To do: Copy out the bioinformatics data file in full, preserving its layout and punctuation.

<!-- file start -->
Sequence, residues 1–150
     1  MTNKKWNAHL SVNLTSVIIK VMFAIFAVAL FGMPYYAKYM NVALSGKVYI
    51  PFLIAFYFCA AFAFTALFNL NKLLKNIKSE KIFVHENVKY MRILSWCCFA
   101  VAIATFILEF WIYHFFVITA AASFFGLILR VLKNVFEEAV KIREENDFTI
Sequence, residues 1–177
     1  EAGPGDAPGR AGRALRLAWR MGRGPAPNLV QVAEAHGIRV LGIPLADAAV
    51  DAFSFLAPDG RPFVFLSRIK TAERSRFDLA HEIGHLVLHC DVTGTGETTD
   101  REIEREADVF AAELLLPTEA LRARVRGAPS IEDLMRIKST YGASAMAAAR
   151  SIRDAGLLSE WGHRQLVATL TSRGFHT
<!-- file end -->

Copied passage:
Sequence, residues 1–150
     1  MTNKKWNAHL SVNLTSVIIK VMFAIFAVAL FGMPYYAKYM NVALSGKVYI
    51  PFLIAFYFCA AFAFTALFNL NKLLKNIKSE KIFVHENVKY MRILSWCCFA
   101  VAIATFILEF WIYHFFVITA AASFFGLILR VLKNVFEEAV KIREENDFTI
Sequence, residues 1–177
     1  EAGPGDAPGR AGRALRLAWR MGRGPAPNLV QVAEAHGIRV LGIPLADAAV
    51  DAFSFLAPDG RPFVFLSRIK TAERSRFDLA HEIGHLVLHC DVTGTGETTD
   101  REIEREADVF AAELLLPTEA LRARVRGAPS IEDLMRIKST YGASAMAAAR
   151  SIRDAGLLSE WGHRQLVATL TSRGFHT